By Michael Greger M.D. FACLM
A single serving of Brazil nuts may bring cholesterol levels down faster than statin drugs and keep them down even a month after that single ingestion.
This is one of the craziest articles I saw all year. A single consumption of high amounts of Brazil nuts improves the cholesterol levels of healthy volunteers. OK, that’s interesting. They gave 10 men and women a single meal containing zero, one, four, or eight Brazil nuts, and found that the ingestion of just that single serving almost immediately improved cholesterol levels. LDL, so-called “bad” cholesterol levels in the blood were significantly lower starting just nine hours after the ingestion of nuts, and by no insignificant amount, nearly 20 points within a day. Even drugs don’t work that fast. It takes statins like four days to have a significant effect. But that’s not even the crazy part. They went back and measured their cholesterol five days later, and then 30 days later. Now keep in mind they weren’t eating Brazil nuts this whole time. They had just that single serving of Brazil nuts a month before and their cholesterol was still down 30 days later. It went down and stayed down, after eating just four nuts… That’s nuts! And no, the study was not funded by the Brazil nut industry.
Interestingly, four nuts actually seemed to work faster than the 8 nuts to lower bad cholesterol and boost good cholesterol. These results suggest that eating just four nuts might be enough to improve the levels of LDL-c and HDL-c for up to 30 days, and maybe longer—they didn’t even test past 30. Now normally, when a study comes out in the medical literature showing some too-good-to- be-true result like this you want to wait to see the results replicated before you change your clinical practice, before you recommend something to your patients, particularly when the study is done on only 10 people, and especially when the findings are literally just too incredible to be believed. But when the intervention is cheap, easy, harmless, and healthy—eating four Brazil nuts a month—then in my opinion, the burden of proof is kind of reversed. I think the reasonable default position is to do it until proven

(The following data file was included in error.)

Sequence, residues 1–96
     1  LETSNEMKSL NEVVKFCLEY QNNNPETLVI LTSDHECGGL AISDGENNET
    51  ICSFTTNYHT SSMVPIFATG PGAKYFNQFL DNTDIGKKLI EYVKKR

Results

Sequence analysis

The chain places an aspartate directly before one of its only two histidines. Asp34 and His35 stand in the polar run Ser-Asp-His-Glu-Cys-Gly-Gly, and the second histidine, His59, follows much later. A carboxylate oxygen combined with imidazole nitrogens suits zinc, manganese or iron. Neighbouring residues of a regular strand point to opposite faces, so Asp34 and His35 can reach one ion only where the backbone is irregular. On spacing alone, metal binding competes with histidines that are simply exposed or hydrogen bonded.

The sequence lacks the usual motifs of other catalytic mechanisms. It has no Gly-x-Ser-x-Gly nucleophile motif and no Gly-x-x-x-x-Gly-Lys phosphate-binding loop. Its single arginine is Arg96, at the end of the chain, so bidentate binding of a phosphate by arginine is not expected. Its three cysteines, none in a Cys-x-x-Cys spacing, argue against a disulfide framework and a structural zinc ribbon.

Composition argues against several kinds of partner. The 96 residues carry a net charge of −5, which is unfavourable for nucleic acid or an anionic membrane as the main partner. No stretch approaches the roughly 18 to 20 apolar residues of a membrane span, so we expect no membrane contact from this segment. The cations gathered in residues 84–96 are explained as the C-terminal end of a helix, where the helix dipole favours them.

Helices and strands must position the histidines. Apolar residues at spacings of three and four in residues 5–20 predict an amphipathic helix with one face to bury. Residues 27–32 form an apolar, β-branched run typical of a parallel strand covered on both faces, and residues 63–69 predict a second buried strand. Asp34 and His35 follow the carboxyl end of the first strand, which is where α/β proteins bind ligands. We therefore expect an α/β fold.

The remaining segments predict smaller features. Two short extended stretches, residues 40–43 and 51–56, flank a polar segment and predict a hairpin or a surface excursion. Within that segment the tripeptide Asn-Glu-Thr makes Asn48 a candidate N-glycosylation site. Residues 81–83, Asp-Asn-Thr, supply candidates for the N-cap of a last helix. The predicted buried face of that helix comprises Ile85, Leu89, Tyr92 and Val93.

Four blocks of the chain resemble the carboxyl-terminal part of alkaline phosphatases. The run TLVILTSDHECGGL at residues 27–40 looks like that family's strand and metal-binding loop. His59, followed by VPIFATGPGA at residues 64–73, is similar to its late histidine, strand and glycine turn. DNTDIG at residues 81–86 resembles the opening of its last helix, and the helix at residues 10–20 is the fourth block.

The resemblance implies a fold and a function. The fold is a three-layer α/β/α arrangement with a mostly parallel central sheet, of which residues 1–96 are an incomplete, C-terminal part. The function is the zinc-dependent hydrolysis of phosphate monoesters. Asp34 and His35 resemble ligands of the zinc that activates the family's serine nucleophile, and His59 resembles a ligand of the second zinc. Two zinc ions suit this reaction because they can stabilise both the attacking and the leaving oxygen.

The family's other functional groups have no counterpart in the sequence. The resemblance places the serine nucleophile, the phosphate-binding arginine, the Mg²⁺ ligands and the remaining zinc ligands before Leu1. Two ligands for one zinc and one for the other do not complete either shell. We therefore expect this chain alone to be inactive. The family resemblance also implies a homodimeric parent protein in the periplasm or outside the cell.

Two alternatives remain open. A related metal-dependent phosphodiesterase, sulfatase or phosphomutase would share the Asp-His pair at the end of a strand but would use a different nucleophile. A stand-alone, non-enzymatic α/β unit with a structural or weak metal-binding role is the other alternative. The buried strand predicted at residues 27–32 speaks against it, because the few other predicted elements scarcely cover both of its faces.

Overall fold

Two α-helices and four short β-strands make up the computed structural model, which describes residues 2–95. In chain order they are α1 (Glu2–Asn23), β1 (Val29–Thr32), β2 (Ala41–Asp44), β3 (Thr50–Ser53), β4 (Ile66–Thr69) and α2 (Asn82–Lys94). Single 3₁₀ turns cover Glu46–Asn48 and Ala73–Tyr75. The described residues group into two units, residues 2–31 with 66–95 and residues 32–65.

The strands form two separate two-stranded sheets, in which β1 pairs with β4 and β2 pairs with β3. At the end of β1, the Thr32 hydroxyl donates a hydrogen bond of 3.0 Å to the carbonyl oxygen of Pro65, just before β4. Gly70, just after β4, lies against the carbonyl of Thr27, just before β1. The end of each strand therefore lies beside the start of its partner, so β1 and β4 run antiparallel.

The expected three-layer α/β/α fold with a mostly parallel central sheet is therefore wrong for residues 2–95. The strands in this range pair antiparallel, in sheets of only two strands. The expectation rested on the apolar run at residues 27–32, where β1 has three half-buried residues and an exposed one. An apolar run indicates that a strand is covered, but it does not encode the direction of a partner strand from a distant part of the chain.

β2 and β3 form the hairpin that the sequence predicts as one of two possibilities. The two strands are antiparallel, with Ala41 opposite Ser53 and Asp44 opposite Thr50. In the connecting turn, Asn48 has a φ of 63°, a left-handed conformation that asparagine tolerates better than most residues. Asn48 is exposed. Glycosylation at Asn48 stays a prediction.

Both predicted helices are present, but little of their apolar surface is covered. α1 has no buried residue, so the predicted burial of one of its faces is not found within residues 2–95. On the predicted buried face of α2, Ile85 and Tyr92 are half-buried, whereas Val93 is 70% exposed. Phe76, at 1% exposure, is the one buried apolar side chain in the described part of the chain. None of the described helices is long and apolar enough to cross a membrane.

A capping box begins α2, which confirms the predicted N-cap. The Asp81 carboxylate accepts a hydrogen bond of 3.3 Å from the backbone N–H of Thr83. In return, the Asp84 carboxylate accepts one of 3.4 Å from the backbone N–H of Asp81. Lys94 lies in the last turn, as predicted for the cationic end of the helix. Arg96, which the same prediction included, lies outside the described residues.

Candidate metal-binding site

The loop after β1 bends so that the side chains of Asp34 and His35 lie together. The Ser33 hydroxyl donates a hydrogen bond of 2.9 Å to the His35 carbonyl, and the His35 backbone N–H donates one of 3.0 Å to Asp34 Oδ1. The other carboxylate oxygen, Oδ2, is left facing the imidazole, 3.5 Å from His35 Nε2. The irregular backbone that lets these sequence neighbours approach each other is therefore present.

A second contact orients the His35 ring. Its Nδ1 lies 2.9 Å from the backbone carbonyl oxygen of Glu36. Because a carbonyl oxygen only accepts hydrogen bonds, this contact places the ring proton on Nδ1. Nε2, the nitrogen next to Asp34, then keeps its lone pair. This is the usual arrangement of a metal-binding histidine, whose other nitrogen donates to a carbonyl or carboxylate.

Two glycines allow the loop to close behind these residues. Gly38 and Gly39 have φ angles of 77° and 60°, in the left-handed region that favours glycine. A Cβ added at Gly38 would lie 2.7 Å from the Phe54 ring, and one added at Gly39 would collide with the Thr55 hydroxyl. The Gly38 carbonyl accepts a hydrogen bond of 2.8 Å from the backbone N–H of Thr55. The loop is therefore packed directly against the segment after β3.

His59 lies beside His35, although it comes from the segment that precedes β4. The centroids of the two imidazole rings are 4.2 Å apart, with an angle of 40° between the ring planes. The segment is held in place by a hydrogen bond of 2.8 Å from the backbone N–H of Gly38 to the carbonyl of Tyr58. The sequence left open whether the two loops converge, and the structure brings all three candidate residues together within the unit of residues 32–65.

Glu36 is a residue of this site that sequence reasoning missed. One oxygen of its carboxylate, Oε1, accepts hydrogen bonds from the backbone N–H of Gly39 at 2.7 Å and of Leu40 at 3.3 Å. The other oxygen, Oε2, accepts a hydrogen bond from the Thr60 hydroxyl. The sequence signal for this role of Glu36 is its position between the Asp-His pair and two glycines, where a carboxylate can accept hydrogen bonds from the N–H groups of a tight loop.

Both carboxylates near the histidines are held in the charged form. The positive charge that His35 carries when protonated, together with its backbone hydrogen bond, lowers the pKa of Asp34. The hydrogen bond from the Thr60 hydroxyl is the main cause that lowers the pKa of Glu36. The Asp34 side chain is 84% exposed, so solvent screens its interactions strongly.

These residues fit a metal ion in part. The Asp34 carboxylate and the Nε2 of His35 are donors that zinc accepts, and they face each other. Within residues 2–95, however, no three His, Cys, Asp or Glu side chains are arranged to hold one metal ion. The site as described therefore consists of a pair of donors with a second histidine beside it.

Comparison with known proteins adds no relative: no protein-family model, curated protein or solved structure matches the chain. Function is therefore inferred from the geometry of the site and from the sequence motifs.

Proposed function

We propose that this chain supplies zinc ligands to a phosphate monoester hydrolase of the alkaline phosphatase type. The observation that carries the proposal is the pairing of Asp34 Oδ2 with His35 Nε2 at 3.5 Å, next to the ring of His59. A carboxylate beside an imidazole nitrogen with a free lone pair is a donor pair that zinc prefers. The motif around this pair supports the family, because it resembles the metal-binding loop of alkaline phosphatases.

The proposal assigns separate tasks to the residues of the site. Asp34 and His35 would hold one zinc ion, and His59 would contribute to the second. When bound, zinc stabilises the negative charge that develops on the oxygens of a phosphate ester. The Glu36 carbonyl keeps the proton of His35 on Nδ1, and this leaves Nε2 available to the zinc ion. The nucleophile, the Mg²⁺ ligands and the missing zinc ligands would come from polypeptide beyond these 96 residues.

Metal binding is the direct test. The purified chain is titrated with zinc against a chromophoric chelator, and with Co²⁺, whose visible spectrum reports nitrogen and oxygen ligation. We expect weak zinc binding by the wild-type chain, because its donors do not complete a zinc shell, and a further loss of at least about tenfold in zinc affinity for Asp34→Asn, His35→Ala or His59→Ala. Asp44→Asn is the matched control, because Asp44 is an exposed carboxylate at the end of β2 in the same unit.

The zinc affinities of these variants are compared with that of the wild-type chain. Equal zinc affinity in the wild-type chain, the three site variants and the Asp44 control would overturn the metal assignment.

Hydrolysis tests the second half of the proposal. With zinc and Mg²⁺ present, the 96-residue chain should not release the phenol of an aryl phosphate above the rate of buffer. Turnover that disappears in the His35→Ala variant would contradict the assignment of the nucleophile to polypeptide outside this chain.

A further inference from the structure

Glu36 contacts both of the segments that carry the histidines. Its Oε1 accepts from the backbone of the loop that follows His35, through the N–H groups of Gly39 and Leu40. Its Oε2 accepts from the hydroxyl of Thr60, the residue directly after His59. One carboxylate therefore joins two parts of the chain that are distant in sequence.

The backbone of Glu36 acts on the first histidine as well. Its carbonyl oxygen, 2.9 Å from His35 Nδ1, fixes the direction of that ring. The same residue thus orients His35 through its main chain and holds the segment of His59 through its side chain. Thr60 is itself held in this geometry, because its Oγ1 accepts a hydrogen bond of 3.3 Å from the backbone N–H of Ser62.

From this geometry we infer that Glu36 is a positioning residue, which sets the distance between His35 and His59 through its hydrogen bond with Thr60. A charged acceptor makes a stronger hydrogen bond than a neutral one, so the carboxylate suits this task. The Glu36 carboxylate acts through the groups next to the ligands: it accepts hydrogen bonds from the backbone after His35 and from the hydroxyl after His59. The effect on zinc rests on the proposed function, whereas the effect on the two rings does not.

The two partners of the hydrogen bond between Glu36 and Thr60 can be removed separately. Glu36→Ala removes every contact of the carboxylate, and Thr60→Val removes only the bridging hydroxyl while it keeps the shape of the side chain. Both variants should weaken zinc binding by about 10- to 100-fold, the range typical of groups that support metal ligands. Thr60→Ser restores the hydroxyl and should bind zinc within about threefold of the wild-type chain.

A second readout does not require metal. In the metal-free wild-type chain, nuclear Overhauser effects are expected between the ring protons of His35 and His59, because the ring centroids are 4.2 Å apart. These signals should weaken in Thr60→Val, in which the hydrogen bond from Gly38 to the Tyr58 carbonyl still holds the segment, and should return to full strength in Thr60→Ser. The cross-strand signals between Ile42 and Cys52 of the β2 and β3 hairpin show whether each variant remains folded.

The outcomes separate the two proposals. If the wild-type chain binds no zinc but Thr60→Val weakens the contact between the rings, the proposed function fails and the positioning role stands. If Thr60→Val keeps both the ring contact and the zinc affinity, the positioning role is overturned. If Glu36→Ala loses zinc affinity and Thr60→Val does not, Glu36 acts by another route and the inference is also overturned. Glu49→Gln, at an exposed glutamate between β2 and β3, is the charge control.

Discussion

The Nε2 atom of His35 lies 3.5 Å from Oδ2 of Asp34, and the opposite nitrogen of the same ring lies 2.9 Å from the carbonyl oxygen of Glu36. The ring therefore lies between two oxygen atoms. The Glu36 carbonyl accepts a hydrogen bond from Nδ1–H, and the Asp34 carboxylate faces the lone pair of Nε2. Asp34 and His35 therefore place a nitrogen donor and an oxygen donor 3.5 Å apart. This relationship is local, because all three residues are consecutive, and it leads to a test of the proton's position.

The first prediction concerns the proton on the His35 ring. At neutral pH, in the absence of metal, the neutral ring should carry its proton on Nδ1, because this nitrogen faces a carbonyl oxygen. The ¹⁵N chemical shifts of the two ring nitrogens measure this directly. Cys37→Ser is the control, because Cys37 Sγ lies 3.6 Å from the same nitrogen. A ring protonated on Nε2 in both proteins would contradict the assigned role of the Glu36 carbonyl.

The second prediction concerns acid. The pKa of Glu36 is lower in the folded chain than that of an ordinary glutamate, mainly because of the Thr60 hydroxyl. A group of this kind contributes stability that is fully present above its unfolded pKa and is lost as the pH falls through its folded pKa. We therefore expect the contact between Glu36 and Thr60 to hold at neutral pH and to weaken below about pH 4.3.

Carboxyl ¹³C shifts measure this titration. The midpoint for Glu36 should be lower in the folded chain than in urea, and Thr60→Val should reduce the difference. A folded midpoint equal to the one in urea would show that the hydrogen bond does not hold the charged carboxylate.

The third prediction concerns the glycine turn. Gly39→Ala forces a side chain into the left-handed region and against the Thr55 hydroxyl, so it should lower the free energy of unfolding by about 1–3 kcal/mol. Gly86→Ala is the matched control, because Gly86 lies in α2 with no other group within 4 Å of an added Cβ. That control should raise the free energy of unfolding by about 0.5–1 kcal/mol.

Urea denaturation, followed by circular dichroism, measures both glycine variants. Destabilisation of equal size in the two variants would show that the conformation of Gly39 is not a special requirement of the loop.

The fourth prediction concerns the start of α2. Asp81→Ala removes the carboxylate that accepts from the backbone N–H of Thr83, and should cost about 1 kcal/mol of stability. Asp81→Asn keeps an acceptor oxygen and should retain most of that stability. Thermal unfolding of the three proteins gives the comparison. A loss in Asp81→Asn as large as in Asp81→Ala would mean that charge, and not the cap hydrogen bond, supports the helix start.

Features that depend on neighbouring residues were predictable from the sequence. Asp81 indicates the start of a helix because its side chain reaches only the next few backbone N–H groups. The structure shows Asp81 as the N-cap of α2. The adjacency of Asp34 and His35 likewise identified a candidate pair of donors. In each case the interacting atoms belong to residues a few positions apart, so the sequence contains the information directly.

otherwise, so now every month I eat four Brazil nuts. In conclusion, a single serving is sufficient, without producing liver and kidney toxicity. I should hope not, but what they’re referring to is the high selenium content of Brazil nuts, so high that four eaten every day may actually bump us up against the tolerable daily limit for selenium, but not something we have to worry about if we’re just eating four once a month.